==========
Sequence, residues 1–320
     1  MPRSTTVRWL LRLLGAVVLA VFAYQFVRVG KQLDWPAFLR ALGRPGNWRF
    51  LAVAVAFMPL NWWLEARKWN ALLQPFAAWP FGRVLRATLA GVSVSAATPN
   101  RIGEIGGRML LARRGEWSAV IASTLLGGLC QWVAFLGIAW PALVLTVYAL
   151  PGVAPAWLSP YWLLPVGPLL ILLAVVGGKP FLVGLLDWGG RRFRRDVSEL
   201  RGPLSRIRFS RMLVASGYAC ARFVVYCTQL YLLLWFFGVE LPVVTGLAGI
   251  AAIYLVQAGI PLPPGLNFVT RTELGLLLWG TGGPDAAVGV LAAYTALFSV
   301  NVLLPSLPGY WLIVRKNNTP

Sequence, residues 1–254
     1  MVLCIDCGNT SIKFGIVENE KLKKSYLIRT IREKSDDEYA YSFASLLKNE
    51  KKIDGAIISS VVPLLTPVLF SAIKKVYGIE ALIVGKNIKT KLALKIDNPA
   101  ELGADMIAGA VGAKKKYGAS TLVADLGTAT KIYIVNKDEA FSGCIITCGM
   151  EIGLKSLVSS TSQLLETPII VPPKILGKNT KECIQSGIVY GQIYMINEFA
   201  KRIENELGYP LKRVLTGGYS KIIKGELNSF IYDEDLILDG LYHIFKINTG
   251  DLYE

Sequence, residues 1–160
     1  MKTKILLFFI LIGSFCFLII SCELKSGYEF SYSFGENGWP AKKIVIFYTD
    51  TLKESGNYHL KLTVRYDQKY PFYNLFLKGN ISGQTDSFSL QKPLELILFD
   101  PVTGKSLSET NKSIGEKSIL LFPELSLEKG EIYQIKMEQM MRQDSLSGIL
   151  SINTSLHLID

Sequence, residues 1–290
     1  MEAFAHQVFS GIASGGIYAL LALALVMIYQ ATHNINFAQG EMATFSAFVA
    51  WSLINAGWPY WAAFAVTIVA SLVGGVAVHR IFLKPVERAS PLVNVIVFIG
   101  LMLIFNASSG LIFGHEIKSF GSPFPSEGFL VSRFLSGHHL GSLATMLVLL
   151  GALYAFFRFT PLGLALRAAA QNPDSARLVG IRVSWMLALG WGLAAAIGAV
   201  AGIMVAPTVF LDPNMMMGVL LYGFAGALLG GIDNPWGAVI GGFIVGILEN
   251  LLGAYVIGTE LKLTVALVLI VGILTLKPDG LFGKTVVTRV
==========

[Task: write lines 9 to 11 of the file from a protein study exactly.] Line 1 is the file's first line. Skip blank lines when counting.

Sequence, residues 1–254
     1  MVLCIDCGNT SIKFGIVENE KLKKSYLIRT IREKSDDEYA YSFASLLKNE
    51  KKIDGAIISS VVPLLTPVLF SAIKKVYGIE ALIVGKNIKT KLALKIDNPA